I’ve been cooking a lot of French meals lately, all this despite my mild fear of being ‘pegged’ as a French cook…more than other cuisines. This weekend I used one of Dorie Greenspan’s cookbooks, one from Pat Wells, and another two French cookbooks.

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How does this happen? Why is that French cooking is so intriguing for me? I keep trying to eschew it…for no more reason that there are so many other cuisines to play with. Well, oh well.

It started when I made a slightly different tart shell, rolled it out onto the tart pan and put it into the fridge to chill. Suddenly the next day it was planned for another dinner, so…tart shell was the start. OK, then it would be a dessert. Chocolate tart. Just make a ganache with good chocolate, butter, cream, and a bit of Cointreau and that would be that.

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Main course? Hmm, as I was pressed for time, I needed something quick and simple, so in Around My French Table I found a curried chicken breast and veggies en Papillote. Huh, that was easy. Just add all the veggies to the sliced chicken breast, wrap it up in foil, and only about 20 minutes in the oven.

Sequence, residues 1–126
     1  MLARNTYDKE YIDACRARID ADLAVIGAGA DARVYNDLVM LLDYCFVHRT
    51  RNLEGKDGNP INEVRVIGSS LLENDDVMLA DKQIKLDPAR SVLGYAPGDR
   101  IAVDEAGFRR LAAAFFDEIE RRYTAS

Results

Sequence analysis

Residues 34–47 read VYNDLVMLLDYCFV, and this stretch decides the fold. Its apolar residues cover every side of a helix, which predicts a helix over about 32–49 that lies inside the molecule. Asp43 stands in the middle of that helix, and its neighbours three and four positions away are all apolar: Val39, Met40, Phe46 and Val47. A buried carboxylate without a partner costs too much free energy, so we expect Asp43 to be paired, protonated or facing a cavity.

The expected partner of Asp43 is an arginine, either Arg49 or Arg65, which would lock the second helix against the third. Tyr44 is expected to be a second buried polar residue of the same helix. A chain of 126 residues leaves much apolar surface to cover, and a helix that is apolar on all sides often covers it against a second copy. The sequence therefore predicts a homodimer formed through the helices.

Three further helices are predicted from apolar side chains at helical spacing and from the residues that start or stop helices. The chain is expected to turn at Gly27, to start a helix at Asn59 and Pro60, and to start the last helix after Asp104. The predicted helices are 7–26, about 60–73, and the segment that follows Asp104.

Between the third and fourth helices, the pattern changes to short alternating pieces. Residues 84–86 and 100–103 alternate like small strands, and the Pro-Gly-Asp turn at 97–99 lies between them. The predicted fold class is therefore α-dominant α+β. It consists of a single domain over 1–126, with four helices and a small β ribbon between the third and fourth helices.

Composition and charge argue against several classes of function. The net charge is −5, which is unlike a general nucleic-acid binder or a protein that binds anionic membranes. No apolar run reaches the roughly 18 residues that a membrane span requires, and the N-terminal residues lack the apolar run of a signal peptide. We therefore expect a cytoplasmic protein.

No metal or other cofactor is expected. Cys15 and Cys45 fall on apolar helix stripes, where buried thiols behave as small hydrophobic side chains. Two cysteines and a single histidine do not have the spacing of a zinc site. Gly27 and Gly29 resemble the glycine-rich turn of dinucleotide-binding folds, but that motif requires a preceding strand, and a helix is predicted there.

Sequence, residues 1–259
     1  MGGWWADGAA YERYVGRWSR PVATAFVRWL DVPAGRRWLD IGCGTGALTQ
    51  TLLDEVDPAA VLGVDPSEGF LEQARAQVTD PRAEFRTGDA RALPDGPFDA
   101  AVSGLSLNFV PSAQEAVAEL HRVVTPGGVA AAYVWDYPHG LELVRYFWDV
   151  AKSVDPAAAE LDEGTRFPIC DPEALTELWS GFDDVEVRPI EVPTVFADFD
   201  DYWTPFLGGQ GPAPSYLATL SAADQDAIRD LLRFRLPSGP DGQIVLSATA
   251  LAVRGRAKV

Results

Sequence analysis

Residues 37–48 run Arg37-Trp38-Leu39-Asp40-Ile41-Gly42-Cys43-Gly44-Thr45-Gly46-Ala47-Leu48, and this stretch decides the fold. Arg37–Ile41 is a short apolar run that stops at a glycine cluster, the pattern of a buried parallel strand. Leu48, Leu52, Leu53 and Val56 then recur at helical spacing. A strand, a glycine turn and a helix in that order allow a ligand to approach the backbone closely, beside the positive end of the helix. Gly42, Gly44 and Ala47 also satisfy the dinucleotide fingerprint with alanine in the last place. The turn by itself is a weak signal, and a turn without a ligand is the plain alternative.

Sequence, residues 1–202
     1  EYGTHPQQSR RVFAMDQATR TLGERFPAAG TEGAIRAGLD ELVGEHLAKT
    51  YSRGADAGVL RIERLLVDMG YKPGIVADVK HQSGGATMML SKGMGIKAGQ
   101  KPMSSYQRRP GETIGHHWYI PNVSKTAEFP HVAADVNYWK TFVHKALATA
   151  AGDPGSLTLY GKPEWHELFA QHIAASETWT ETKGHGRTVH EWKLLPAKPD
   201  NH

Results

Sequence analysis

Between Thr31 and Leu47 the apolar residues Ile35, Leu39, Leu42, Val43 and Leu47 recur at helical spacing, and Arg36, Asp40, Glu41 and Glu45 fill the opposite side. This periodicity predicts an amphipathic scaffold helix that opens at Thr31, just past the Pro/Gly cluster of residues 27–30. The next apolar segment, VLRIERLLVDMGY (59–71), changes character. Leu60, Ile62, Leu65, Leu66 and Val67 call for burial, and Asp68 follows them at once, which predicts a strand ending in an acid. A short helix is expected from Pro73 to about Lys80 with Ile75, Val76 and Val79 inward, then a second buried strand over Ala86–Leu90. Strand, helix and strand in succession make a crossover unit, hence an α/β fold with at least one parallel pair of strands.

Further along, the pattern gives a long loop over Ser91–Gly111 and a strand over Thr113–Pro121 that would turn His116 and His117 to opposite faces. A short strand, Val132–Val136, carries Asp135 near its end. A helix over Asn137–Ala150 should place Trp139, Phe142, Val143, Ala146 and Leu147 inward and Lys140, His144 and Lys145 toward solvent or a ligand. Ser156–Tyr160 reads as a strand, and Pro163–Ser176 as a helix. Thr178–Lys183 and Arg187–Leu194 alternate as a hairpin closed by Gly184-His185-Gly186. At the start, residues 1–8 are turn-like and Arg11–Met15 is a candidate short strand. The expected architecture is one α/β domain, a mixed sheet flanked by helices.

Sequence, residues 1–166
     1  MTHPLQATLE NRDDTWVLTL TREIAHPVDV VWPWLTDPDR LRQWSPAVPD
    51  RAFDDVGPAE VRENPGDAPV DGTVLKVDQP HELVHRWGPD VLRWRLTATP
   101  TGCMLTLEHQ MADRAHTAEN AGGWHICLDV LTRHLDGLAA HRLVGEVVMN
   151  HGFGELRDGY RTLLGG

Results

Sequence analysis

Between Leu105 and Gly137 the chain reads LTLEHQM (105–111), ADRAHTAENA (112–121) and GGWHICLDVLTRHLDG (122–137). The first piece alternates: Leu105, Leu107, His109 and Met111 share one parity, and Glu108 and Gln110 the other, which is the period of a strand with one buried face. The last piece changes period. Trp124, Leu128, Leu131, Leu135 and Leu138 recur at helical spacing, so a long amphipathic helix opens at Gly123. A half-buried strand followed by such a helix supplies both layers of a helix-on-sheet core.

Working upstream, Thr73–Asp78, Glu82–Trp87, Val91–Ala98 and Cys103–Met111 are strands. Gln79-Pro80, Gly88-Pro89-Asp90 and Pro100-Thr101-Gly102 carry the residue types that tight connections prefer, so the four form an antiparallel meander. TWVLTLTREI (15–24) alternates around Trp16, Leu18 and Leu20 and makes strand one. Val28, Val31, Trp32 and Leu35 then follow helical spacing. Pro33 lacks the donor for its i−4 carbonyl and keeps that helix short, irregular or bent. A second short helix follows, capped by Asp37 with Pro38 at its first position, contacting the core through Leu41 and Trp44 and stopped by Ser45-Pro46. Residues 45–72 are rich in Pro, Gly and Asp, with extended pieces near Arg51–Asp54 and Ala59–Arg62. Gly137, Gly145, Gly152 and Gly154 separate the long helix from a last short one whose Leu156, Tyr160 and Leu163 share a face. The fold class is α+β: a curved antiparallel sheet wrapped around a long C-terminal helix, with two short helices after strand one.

I also wanted a mindless potato dish so it was Gratin Dauphinoise Madame Cartet. Thinly sliced potatoes, creme fraiche, salt and pepper, and grated gruyere. 50 minutes or so in the oven. Simple and delicious. This was so good and so simple, it’s pretty much dope-proof. Particularly tasty were the very cooked edges of crusty-baked cheese which I was nibbling at between rounds (see below). Also, note the contrast to the potato dish before and after. Amazing.

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The ‘knockout dinner’ reference was to the big Pacquaio vs Algieri fight we watched on Pay TV before and after our meal. Only one of us is a big boxing fan but it was great entertainment, we learned a lot about the sport, and it was good fun.

Yah, French once again. I do realize that it’s the ‘bistro’ style or casual French style that mostly appeals to me–the meals that you would find in a country village or a corner brasserie. It doesn’t have to be fancy pants stuff, but I admit to enjoying the process of making the food look good and interesting and fun on the plate. There is an element of showmanship with cooking.

All of which makes me mildly sad about Thanksgiving dinner. My wife and I are eating alone due to circumstances, and cooking for me is sometimes for others as much as for myself. What chef or cook does his business and then eats it all herself? Or simply for its own sake?

Well, I’ve been know to cook…even when I’m not particularly hungry. Looks like just my wife and I this Thursday, but for the two of us, pulling out all the stops with a turkey and the trimmings doesn’t make any sense. I’m thinking of a small, small roast, but then…I’m already thinking of some other ideas, decidedly UN-typical for the day.

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